Though I could relate to her worries. After all, this story isn’t really about tattoos.
It’s about the ways fear of judgement and lack of acceptance erodes joy, confidence, and self-expression.
It’s about the ways we...
What is the point of reading tarot?
Whenever I explain to someone that I believe the future is yet to be created, a question predictably follows:
"Then what’s the point of reading tarot?"
I get where the question is coming from: So many people assume tarot is all about future-telling.
So explain that I read tarot because the cards are a tapestry of possibility. A reading gives you the chance to draw a map of your potential.
I read tarot because it lays out the ideas, thoughts, and feelings that are bouncing around within your head and heart and allows you to get a clearer perspective on what it all means.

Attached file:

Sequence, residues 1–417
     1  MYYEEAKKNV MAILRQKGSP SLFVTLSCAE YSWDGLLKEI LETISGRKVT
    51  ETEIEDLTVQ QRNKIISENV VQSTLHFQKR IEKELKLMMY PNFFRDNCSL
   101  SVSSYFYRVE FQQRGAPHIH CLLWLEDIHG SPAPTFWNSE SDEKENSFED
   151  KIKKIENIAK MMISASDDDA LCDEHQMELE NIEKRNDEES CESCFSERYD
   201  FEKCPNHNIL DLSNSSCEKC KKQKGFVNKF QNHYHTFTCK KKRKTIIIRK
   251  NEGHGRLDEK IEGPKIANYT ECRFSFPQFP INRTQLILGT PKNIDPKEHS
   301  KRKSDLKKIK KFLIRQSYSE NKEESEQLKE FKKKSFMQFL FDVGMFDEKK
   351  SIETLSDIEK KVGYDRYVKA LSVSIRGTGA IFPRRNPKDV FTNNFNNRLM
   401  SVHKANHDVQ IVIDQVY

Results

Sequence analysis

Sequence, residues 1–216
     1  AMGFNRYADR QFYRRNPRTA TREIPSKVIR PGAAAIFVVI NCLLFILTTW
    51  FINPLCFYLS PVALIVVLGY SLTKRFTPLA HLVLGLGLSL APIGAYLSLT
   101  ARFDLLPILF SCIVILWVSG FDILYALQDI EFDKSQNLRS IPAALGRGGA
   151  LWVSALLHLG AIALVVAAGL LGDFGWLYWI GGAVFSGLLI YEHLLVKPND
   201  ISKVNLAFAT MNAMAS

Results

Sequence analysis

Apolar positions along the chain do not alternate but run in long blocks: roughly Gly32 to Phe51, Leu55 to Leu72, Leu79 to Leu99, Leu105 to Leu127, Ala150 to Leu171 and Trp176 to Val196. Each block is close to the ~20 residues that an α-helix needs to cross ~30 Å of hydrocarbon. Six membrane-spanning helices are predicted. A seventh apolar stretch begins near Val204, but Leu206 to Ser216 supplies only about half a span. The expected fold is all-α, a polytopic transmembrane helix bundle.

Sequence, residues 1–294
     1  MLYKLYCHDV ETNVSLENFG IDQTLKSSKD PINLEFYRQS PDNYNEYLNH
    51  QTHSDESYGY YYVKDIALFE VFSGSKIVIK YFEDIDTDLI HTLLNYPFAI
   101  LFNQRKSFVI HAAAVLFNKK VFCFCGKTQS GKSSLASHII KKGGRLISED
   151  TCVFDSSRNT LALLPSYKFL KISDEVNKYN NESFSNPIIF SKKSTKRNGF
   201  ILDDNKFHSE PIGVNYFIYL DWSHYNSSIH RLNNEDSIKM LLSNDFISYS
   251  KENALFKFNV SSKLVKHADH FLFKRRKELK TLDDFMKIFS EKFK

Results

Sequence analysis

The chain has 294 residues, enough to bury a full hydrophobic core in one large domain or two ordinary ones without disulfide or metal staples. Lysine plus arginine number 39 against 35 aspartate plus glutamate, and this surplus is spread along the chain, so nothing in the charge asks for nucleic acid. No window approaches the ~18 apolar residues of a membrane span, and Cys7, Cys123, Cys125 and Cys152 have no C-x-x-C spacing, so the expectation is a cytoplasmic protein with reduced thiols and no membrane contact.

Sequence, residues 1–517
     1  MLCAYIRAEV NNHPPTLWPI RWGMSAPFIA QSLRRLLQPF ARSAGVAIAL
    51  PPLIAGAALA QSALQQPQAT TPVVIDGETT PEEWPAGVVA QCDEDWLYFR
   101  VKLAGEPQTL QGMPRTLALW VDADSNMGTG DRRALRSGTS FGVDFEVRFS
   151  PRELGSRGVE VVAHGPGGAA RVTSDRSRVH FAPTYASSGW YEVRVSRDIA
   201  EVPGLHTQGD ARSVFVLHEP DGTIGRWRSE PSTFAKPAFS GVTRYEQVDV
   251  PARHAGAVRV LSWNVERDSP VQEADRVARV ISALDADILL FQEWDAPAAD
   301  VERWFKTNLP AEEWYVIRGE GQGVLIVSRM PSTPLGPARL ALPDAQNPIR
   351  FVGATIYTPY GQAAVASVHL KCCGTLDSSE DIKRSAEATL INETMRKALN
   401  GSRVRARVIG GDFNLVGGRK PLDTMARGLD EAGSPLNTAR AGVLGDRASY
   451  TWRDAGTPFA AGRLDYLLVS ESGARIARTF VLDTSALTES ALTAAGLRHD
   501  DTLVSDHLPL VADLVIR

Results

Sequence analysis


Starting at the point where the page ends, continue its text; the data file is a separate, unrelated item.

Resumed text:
I read tarot because it’s an opportunity to sit down with yourself and ask, "What do I really want to make happen right now?"
I read tarot because it gives you the freedom to be yourself by validating your feelings, instincts, and ideas.
There’s a reason why I don’t believe that the future is neatly mapped out for you: If it was, why would you need to make any...
Sometimes reading tarot can feel frustrating.
You might get cards that don’t seem to fit the question, or see something you didn’t expect to come up.
And readings can also feel like they’re just not hitting the right points to feel productive.
When I got my first tarot reading in the late `90s, I was amazed at how helpful it was.
And I held onto a lot of the information I received that day. It became important to me, and